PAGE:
Thursday, September 02, 2004

Five Suggestions for Finding the Best PR or Marketing Partner

1) Get References: Find other law firms whose programs you admire and then call the Director of Marketing or the firm's Administrator and ask what company the firm uses. Get their feedback. Then narrow this list down to 4-5.

2) Create an RFQ (a request for qualifications): Contact the 5 agencies or consultants and explain to them what your firm wants to do. If they past muster on the phone, send them an RFQ. This should include a short list of questions requesting information on their skills, experience, expertise, etc. It can be done via email. Keep this short! The goal is to see if they have the basic qualifications for you to take the time to meet them. You may want to ask for referrals and samples. Many firms or consultants have capabilities packages ready to send immediately.

3) Meet the players: Narrow down the list from 5 to 3. Ask the 3 firms or consultants to come to your office. Ideally, the meetings should include you and one other decision maker. The goal of this meeting is meet the prospects, get a feeling for how they will fit within your corporate cultures, see if they understand the nature of your business and make sure they understand the sensitivities of legal marketing. Give them a chance to ask you questions. A good firm will be interviewing you as much as you are interviewing them.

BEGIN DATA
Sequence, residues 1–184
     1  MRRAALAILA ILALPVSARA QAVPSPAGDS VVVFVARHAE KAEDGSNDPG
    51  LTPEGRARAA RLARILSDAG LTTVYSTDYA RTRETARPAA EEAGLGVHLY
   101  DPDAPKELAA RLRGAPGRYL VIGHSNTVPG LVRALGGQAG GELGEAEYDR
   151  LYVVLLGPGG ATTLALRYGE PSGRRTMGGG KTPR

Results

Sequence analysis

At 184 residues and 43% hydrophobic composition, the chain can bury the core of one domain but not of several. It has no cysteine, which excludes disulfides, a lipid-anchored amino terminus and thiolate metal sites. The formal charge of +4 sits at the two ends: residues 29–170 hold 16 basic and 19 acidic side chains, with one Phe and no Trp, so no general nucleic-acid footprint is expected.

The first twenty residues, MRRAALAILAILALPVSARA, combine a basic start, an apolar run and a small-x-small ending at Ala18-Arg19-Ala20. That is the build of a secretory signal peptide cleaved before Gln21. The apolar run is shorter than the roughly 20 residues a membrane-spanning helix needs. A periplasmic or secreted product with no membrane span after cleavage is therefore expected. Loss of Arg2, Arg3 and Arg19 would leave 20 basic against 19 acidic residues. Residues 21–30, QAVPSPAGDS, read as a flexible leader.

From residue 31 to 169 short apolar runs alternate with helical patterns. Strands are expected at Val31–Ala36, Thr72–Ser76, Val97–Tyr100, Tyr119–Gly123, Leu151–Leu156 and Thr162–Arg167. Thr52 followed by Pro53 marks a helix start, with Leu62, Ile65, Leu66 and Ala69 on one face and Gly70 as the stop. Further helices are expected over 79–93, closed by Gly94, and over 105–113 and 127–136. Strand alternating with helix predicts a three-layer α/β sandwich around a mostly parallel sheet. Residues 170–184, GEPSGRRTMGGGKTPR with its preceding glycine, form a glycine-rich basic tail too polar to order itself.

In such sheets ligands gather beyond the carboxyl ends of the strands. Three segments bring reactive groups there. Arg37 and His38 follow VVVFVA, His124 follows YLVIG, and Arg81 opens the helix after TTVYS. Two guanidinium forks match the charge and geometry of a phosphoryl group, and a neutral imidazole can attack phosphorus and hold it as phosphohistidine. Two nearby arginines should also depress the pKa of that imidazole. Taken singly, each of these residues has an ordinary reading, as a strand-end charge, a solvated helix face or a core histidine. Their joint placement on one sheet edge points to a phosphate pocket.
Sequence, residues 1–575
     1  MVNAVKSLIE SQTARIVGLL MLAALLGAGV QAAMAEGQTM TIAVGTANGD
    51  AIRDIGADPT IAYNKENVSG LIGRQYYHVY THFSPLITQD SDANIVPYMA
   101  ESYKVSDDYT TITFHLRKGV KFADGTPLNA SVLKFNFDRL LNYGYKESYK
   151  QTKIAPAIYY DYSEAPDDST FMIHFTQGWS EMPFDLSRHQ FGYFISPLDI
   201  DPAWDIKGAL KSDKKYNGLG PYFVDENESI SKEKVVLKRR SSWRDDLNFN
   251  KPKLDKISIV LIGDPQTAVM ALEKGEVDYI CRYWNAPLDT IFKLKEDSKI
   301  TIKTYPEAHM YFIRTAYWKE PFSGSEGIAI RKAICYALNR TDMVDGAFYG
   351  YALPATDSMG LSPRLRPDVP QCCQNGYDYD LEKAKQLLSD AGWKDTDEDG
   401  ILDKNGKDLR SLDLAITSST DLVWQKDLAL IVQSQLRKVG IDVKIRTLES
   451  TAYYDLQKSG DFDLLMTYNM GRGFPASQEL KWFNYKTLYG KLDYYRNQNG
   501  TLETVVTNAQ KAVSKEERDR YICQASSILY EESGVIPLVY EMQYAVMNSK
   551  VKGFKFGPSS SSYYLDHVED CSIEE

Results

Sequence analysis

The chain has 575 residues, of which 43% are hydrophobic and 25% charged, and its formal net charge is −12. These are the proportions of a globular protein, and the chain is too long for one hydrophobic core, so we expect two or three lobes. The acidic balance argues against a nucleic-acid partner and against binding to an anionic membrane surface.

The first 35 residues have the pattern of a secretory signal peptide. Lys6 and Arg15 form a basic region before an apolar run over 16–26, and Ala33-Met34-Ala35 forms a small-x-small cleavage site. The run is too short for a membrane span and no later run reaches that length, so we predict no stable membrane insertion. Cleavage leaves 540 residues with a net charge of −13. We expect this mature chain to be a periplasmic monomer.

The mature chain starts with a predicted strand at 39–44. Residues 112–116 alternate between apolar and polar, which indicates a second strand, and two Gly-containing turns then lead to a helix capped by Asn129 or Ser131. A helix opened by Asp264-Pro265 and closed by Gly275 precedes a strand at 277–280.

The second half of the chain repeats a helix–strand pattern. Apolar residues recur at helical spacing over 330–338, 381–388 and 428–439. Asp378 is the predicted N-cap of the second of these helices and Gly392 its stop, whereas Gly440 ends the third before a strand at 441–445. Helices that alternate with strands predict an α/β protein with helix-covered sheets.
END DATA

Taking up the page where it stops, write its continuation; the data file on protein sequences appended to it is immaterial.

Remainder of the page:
4) Request a Proposal: After having met all 3 firms, you should have a pretty good idea which ones you would like to work with - ask the companies that you liked to write a proposal, (don't waste yours or anyone else's time by asking for a proposal from a company that you know you won't use). Be specific about what you need to see in the proposal. Remember, price is important, but it should not be the sole decision making criteria as you may not have provided enough information for them to understand your budget.

5) Meet the front-runner: Pick the firm that you would like to use. Before hiring them, have them come in to meet the Managing Partner and other important attorneys in the firm. It's important that this happens for two reasons; it allows the consultant or agency to know who they will be working with. If for some reason there doesn't seem to be a fit, it's best for everyone that it is discovered sooner rather than later. Second, it gives you one more change to ask questions you may not have discussed in round one and their reasoning for the strategies and tactics they present in the proposal.

The bottom-line is that you should hire a qualified consultant or agency that you can trust. Hiring a marketing or public relations consultant is just like hiring a law firm -- at the end of the day your hiring people (as opposed to buying a product). Being able to trust those people is essential -- you'll be leaning heavily on them to guide you safely through the process and deliver the expected results.

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